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A 'green' Vatican


Wednesday, November 7, 2012

Over the course of the past decade the ‘Go Green’ movement has swept the world and taken it by full force. It is a delight to note that the Vatican was the first ‘country’ to officially ‘go green.’ In September of 2007 author for the Weird Science magazine and website Brandon Keim wrote an article regarding how the Vatican had teamed up with a Hungarian carbon offset company ‘KilmFa’ to plant the Vatican Climate Forest. This climate forest which covers up a vast 37 acres is now located in the Bukk National Park in Hungary. Brandon Keim also took note of writing about the Solar panels which can now be found on top of the Vatican. BBC News also published an article in November of 2008 about the solar panels that the Vatican had installed. This article stated that the first building to get the go ahead for these solar panels is the celebrated Nervi Hall. The BBC made note of saying that 2400 solar panels had been installed onto the roof of Nervi Hall and that they are working flawlessly to this day, powering environmentally friendly energy throughout the entire
Moving forward to 2012 the BBC recently published another report on the status of the Vatican green movement quoting, “The city state intends that by 2020, 20% of its electricity will be provided by renewable energy.” To further how serious Pope Benedict XVI is about going green multiple newspaper sources have stated that in September of 2012 the French car company ‘Renault’ had presented the Pope with his very first electric car. The car is to be used by the Pope in his summer home of Castel Gandolfo and will enable him to drive around the grounds of the Vatican in an eco friendly way. Take note that this is not a new electric ‘Popemobile’ but rather a new take on how the Pope can travel around the State of the Vatican. Mercedes Benz is the company that designs his traditional ‘Popemobile’ and it can be noted that they too are in the works of creating an eco friendly version of the car for the Pope in the coming years.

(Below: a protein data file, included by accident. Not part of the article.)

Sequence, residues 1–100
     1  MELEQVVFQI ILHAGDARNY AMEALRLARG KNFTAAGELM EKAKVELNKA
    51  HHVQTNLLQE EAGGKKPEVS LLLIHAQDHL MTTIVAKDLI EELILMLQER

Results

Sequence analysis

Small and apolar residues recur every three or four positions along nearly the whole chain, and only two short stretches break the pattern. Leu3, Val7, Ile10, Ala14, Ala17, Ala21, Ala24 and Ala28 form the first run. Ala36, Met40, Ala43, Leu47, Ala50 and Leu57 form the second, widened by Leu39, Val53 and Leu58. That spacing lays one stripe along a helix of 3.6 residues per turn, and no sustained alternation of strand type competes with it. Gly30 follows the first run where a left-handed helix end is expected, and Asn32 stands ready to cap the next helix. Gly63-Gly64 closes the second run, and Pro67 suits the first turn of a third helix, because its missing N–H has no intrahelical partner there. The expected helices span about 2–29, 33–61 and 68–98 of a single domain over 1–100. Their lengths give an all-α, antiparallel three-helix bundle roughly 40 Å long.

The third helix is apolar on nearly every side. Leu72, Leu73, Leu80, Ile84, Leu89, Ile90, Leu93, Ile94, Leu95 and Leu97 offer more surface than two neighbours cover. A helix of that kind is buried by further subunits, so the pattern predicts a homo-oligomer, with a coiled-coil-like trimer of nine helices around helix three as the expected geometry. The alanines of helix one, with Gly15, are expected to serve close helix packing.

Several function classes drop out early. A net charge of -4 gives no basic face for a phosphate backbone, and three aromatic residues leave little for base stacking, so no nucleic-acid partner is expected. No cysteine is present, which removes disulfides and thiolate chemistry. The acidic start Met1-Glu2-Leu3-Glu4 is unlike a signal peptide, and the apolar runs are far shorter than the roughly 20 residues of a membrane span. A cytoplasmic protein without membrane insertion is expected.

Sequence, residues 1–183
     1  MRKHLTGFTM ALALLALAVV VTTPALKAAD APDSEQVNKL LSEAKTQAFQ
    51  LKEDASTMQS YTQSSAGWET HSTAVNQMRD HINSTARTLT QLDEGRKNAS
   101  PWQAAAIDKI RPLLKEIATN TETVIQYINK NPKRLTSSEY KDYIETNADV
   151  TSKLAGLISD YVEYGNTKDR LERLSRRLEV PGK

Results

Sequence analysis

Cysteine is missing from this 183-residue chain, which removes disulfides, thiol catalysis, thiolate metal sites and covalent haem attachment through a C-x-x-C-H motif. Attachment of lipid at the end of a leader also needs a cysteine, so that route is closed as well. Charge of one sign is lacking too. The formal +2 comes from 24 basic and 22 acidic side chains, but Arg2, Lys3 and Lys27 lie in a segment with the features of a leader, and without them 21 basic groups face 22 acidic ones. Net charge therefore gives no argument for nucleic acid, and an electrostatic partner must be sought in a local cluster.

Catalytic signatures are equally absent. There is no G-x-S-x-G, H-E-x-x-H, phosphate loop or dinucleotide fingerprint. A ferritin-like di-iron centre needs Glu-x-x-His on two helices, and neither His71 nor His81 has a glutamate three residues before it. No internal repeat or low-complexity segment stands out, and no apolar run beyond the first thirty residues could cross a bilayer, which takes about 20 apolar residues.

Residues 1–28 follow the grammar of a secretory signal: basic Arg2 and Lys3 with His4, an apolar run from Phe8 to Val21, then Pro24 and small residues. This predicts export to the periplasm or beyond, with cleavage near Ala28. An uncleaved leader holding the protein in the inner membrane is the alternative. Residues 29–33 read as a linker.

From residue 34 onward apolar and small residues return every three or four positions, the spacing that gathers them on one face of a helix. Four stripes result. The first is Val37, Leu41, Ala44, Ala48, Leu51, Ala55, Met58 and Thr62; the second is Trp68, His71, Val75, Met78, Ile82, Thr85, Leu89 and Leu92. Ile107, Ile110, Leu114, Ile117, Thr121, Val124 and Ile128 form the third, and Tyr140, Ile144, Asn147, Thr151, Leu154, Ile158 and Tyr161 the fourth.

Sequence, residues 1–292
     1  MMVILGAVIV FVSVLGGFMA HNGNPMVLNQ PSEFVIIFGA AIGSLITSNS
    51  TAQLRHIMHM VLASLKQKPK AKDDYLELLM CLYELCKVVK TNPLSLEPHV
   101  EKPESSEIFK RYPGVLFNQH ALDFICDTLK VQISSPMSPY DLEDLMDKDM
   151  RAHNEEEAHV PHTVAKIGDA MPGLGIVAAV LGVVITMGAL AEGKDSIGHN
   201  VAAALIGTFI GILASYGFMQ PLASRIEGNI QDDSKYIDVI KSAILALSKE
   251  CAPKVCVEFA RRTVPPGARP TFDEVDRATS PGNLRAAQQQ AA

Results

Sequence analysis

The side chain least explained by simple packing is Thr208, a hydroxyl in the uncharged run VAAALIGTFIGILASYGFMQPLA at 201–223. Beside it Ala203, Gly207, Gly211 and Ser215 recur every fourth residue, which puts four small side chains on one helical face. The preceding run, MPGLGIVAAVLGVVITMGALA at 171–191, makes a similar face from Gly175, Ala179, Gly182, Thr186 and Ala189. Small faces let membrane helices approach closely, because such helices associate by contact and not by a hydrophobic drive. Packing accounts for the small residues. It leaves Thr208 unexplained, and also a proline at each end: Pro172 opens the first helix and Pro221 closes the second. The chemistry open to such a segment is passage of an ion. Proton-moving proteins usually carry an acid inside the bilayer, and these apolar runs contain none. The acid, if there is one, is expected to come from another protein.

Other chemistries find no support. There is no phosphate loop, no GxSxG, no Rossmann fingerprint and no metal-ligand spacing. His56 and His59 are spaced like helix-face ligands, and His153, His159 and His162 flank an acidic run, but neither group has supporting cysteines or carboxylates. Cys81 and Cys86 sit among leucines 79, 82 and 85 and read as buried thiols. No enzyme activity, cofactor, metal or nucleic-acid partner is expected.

What could be made of these recent initiatives? It could be seen as a gift, not only to the Catholic Community but to the entire world because it means one entire nation (small though it may be) is leading the way, showing the rest of the world how to respect thethis earth on which we live. Pope Benedict XVI himself has stated that it is one of his goals to push for a greener tomorrow. If the elderly pope can promise to use his papacy to show the seriousness of environmental issues, then the international community could take a cue from the Vatican example and should push for every nation to meet similar goals and become environmentally friendly by 2020.
Solar panels are seen on the roof of the Paul VI audience hall at the Vatican.
 CNS photo/Paul Haring

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